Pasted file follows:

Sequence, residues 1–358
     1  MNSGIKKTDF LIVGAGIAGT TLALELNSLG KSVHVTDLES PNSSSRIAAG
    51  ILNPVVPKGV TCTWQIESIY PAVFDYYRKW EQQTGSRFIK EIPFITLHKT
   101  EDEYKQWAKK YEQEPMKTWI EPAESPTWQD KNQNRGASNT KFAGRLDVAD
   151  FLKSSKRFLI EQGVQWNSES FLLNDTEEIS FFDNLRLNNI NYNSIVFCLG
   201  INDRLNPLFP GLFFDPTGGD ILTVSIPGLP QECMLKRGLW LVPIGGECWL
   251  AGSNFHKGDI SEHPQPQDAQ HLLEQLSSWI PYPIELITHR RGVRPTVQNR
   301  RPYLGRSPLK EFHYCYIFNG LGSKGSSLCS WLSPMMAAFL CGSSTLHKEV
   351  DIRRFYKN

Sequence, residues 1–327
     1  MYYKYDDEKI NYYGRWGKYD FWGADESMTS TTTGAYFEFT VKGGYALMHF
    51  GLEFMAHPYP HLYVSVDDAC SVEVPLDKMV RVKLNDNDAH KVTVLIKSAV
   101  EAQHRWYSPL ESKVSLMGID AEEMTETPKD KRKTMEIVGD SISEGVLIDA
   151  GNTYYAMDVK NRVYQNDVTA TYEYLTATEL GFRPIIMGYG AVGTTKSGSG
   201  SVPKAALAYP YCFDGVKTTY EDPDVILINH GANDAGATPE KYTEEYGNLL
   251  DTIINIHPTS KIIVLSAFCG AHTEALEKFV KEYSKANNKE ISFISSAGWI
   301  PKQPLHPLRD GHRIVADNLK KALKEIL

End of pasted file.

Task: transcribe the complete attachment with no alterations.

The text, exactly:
Sequence, residues 1–358
     1  MNSGIKKTDF LIVGAGIAGT TLALELNSLG KSVHVTDLES PNSSSRIAAG
    51  ILNPVVPKGV TCTWQIESIY PAVFDYYRKW EQQTGSRFIK EIPFITLHKT
   101  EDEYKQWAKK YEQEPMKTWI EPAESPTWQD KNQNRGASNT KFAGRLDVAD
   151  FLKSSKRFLI EQGVQWNSES FLLNDTEEIS FFDNLRLNNI NYNSIVFCLG
   201  INDRLNPLFP GLFFDPTGGD ILTVSIPGLP QECMLKRGLW LVPIGGECWL
   251  AGSNFHKGDI SEHPQPQDAQ HLLEQLSSWI PYPIELITHR RGVRPTVQNR
   301  RPYLGRSPLK EFHYCYIFNG LGSKGSSLCS WLSPMMAAFL CGSSTLHKEV
   351  DIRRFYKN

Sequence, residues 1–327
     1  MYYKYDDEKI NYYGRWGKYD FWGADESMTS TTTGAYFEFT VKGGYALMHF
    51  GLEFMAHPYP HLYVSVDDAC SVEVPLDKMV RVKLNDNDAH KVTVLIKSAV
   101  EAQHRWYSPL ESKVSLMGID AEEMTETPKD KRKTMEIVGD SISEGVLIDA
   151  GNTYYAMDVK NRVYQNDVTA TYEYLTATEL GFRPIIMGYG AVGTTKSGSG
   201  SVPKAALAYP YCFDGVKTTY EDPDVILINH GANDAGATPE KYTEEYGNLL
   251  DTIINIHPTS KIIVLSAFCG AHTEALEKFV KEYSKANNKE ISFISSAGWI
   301  PKQPLHPLRD GHRIVADNLK KALKEIL